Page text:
*Your experience may vary.
At first you are a child like any other. You play and laugh, get in fights and fall off your bike, get scolded and comforted by people who love you unconditionally. All of this is as natural as the sunrise.
At some point during your childhood, you realize you are different from other kids. You might not know or understand how, but you just know. Somehow things are not quite as they should be. You will try to ignore this feeling. To suppress it and go on with living your life. It will work for a while, but the feeling that something about you is off somehow will keep resurfacing. It is as much a part of who you are, as your measles scars and the illogical safety your covers and favourite stuffed animal give you when you awake from a nightmare.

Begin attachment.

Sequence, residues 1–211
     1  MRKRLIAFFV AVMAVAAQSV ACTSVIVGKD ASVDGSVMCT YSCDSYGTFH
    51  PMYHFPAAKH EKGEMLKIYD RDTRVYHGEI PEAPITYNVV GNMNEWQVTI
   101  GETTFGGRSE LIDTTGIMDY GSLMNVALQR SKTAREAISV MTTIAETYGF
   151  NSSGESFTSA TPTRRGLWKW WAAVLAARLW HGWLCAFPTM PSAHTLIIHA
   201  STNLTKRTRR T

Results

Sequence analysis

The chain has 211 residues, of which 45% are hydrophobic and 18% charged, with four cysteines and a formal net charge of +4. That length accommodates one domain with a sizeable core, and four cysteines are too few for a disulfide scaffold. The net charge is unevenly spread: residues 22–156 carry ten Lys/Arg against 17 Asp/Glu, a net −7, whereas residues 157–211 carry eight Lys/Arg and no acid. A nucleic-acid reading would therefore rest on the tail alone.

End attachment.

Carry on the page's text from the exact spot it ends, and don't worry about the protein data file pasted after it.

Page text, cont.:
As you grow older, you begin to get a better sense of your self. There are things you are good at and things you cannot seem to get the hang of. In school some courses are easy, some hard and some people you get along with, some you do not. You have hobbies and friends who share them. All these things feel natural, but soon a new factor comes into your life.
Your peers start talking about the other sex in a way different from what they used to. With a sense of discovery and fear, boys and girls each try to make sense of their feelings for the other.
As with everything in life, some figure it out faster than others. You however do not seem to understand anything at all and now that nagging feeling you try to keep buried at all times comes back with a vengeance. You are unsure whether or not your lack of romantic interest in the other sex and the wrongness you have felt for so long are connected, but it seems possible. You lump them together and again try lock them away in your mind.